It’s definitely challenging to innovate in a classic category that has been established in the minds and hearts of consumers over many years. Of course, beer plays different roles in evolving cultural contexts and product life stages. In a relatively developing beer market like China, the white canvas for it’s future is inspiring. Just with a few simple tweaks, beer can be re-expressed, renovated, and presented in refreshing new ways when you break down the confines of how it is currently being perceived. Here’s a challenge to brewers and beer lovers all over the world, take a fresh look at beer, it’s definitely here to stay, so let’s come up with some creative ways to reinvigorate the category.

Mind Control is now a reality


Mind control is now a reality.  Forget voice commands and eye gestures, now there’s a way to change the channel of your TV, answer a call, or turn off the lights simply through brain commands.  Philips, Accenture, and Emotiv Insight Brainware have partnered to create software that easily lets you control the various devices in your home, using real time sensors that pick up the wearers’ feelings, thoughts and expressions.  This is a breakthrough for those suffering from mobility issues and neurodegenerative diseases such as ALS. Imagine the endless possibilities and convenience in a world where this is available to a wider audience, where anyone can control their gadget of choice without lifting a finger, no matter where they are.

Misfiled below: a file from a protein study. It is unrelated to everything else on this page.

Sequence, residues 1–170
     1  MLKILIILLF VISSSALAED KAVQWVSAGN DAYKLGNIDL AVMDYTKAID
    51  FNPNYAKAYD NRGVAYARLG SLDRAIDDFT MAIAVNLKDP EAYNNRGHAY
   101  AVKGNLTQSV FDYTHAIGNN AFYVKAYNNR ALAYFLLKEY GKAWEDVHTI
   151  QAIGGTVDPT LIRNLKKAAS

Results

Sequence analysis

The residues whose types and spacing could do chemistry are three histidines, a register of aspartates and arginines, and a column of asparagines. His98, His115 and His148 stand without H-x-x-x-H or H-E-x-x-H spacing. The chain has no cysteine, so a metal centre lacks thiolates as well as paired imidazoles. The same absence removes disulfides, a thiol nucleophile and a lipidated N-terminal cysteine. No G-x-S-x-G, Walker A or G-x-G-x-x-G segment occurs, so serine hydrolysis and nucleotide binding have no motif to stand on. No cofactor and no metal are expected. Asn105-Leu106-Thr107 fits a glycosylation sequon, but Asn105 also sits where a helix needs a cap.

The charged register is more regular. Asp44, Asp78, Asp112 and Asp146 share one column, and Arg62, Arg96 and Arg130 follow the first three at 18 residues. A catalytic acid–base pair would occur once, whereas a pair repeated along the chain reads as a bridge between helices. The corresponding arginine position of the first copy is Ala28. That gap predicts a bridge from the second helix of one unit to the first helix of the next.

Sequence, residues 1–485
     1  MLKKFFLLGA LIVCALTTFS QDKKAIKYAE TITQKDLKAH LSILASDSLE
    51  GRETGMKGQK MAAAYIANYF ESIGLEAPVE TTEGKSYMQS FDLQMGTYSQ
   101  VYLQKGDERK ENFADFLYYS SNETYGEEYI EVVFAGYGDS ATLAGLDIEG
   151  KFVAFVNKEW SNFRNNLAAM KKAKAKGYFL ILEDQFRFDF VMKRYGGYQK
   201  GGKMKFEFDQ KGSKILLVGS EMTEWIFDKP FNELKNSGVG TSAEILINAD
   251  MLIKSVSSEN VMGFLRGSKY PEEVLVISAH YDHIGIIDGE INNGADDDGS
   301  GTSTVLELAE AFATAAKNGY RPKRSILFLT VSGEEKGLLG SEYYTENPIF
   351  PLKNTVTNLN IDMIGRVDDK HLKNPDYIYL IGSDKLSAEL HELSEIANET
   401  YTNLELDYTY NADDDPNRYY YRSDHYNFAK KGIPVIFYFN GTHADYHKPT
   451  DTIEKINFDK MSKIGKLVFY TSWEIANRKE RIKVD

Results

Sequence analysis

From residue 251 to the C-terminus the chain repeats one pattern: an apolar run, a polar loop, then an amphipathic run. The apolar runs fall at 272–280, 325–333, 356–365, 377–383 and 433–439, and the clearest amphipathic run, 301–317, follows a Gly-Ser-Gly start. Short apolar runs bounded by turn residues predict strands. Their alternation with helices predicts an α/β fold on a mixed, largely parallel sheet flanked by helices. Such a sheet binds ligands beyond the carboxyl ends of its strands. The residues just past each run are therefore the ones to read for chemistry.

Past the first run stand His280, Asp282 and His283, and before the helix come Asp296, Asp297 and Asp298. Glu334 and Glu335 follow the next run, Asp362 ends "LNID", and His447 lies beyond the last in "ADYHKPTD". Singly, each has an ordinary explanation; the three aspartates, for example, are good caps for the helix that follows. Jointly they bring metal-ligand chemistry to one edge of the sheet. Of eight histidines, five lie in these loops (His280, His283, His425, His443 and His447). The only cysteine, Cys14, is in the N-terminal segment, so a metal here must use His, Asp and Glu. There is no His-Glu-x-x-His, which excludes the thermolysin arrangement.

Check out the video below! We look forward to seeing this concept unfold.

Apple and wearable tech: When being late to the game works in your favor

apple watch

Next Tuesday, Apple CEO Tim Cook will make the most important announcements of his tenure: the first set of major new products that won’t be largely credited to his legendary predecessor Steve Jobs.